In addition, there are a host of factors, some of which have emerged of late, that are also responsible for complicating UN reform. First, while all members, at least on the surface, agree on the need for reforms, they mean different things. Those who exercise the most influence in the present day and that also happen to be the main contributors to the regular budget as well as the main source of voluntary contributions, while aiming to address waste and increase the efficiency of the delivery of the UN, they also seek to preserve if not enhance their influence in managing the organization that makes up the UN system.
Second, is the position of both Russia and China. While both countries are on the same page with the other three permanent members of the Security Council when it comes to the reform of the Council, they meanwhile strive to enhance their power elsewhere in the UN system by continuously trying to sway the majority of members to their positions.
Third, is the fragmentation of majority of the international community still nominally grouped as the Non-Aligned Movement (NAM) and the Group of 77 (G77). Fourth, is the increased influence of NGOs in setting international agendas, particularly in the economic and social fields. Fifth and last, is the increasing role of private funding of UN activities.
While the latter two factors are relatively recent, they are an increasingly important feature of the evolving international system. They however contradict the basic principle upon which the UN is built: it is an organization of sovereign states represented by their governments. This contradiction needs to resolved if there is going to be genuine UN reform.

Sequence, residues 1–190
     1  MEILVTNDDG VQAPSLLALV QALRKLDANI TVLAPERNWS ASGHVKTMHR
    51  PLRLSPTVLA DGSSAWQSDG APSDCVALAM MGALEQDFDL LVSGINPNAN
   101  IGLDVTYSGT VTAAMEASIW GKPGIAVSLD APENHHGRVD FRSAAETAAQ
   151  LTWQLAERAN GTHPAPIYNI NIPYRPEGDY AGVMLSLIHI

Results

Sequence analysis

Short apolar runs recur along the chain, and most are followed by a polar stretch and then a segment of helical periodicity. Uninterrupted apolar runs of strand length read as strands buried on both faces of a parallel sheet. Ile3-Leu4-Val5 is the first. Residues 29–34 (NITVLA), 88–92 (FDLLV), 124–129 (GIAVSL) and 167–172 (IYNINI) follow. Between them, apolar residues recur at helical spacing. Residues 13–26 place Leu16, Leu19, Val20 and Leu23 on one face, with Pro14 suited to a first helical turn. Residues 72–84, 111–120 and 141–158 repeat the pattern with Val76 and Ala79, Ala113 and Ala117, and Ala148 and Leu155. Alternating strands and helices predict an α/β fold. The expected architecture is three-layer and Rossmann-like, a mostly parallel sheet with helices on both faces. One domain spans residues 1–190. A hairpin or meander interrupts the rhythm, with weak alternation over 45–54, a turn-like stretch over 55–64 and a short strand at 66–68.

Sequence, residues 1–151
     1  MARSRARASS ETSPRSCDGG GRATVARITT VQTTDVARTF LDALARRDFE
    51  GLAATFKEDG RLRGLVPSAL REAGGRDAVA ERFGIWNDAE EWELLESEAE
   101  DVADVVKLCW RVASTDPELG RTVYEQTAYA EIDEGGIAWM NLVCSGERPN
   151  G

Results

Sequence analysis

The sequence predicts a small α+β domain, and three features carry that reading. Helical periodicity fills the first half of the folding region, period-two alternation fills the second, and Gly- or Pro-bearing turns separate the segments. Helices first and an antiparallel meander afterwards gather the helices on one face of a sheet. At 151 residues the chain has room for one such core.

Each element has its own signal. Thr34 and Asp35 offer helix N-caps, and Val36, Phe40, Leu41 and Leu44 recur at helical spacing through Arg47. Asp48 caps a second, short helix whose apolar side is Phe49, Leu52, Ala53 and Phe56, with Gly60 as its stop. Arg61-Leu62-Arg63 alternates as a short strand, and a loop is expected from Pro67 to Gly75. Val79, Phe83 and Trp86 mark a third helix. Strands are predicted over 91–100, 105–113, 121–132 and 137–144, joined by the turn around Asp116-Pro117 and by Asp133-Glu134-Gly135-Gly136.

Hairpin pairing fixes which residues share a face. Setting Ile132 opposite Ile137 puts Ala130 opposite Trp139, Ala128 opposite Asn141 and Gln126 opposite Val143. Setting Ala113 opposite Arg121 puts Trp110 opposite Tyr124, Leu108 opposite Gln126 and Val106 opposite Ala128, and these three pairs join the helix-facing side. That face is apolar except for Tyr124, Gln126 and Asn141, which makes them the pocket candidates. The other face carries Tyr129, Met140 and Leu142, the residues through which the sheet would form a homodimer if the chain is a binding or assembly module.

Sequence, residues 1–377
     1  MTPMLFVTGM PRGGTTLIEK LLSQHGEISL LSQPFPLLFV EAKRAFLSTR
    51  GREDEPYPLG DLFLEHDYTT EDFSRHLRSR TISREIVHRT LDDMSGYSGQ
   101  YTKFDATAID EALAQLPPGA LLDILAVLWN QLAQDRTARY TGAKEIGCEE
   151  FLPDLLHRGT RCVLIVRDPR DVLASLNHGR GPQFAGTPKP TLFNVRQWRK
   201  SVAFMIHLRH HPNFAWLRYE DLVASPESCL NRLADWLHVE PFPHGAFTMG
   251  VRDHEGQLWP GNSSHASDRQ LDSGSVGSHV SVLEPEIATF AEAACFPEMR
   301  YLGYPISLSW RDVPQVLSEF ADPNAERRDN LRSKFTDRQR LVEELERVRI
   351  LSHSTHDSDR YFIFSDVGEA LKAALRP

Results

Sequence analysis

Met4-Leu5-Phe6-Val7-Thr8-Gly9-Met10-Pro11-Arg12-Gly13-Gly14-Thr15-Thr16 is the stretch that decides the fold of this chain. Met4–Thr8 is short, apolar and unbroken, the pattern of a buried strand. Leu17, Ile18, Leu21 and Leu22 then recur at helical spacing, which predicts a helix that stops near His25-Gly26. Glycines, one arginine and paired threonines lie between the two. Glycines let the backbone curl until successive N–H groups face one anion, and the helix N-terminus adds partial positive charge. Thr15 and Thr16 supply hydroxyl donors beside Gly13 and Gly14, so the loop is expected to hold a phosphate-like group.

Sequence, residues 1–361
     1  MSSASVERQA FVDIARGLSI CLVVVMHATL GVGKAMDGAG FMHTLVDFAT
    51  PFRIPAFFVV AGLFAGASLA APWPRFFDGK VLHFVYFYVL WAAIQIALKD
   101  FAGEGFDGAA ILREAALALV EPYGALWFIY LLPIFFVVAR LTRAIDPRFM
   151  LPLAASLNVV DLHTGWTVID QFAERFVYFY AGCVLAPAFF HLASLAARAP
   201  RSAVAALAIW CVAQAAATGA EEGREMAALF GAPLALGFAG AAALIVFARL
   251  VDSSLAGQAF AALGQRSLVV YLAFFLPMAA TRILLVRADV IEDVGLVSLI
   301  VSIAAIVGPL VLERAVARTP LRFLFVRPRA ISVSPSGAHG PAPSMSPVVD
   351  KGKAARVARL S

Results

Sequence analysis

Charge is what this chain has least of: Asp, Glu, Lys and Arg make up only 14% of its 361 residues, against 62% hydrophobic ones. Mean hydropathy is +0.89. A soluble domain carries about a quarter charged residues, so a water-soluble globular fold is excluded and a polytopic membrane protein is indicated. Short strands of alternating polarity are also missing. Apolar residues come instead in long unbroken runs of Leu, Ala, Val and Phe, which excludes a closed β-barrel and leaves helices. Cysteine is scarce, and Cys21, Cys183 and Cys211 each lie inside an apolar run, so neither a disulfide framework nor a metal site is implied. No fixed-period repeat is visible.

It is important in this context to highlight the overwhelming dependency of operational activities on voluntary contributions. While it is an inescapable fact that this is used to further the political agendas of the main contributors, what makes it particularly difficult to deal with is that it involves the issue of trust. Due to the pervasive corruption in many countries, major donors - with parliamentary oversight - find it necessary to closely monitor the disbursal of their contributions. In effect this means aligning UN activities with their own priorities and national interests. In other words, setting the agenda for UN operational activities, with scant attention to the interests of the recipient countries.
To date it appears that COVID-19 has not generated structural changes in the international system, but merely accelerated already existing trends in the political, economic and social spheres. It is therefore to be expected that no serious effort is being made to bring about substantive reform at the UN.
No one has risen to the challenge, not one or a group of states, nor has the UN Secretary General. No one has seized the opportunity to accelerate the UN reform. Apart from some specific and piecemeal initiatives, there has been no attempt at addressing the impediments to genuine reform.
So, the expectation is that the UN will continue to reform itself, but avoiding substantive reform which requires structural changes in two areas: First, participatory governance or in other words a more equitable representation in the key institutions that anchor the international system. Namely, the UN Security Council, World Bank and IMF. And second, to isolate, to the extent that is possible and feasible, development and humanitarian assistance from national political agendas.
In view of the above, we will witness foreseeable future competition between the US and its allies on the one hand and, both China and Russia on the other to influence the evolution of the international system, including reforming the UN. Such competition will include attempts at swaying the rest of the world to their positions.
Meanwhile, the UN will continue to discharge its role, as envisaged in the Charter, as a center for harmonizing actions between member states, but will continue to disappoint when it comes to its other functions, particularly in the area of maintenance of international peace and security.
Only when the evolving international system settles in a new and more realistic balance of power, will the UN be able to undertake the necessary reforms that will make it more effective in discharging its mission as envisaged by the Charter.